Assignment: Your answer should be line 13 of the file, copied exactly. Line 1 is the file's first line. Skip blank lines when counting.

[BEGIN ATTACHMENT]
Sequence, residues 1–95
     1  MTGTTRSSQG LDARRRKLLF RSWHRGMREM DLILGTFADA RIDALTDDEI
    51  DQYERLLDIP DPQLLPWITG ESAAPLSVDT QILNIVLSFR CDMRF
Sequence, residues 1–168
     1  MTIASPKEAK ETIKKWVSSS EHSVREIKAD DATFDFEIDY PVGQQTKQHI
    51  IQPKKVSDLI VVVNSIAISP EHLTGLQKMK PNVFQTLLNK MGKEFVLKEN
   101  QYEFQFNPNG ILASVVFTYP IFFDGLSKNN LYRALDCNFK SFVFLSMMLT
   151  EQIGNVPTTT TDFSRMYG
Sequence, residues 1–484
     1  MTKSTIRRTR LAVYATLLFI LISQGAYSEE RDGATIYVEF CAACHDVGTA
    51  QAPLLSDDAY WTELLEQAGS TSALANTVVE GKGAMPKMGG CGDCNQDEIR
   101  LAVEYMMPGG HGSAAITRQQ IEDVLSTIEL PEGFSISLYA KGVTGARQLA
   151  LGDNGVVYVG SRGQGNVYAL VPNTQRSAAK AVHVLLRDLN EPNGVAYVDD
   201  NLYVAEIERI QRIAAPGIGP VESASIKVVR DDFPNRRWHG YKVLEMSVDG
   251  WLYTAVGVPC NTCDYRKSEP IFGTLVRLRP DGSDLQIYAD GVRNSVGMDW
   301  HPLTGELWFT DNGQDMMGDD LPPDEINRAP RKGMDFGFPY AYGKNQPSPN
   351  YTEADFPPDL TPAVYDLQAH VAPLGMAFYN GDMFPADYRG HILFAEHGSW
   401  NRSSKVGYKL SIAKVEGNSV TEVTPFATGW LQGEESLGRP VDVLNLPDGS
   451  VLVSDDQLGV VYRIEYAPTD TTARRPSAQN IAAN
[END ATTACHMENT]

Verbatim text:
   151  LGDNGVVYVG SRGQGNVYAL VPNTQRSAAK AVHVLLRDLN EPNGVAYVDD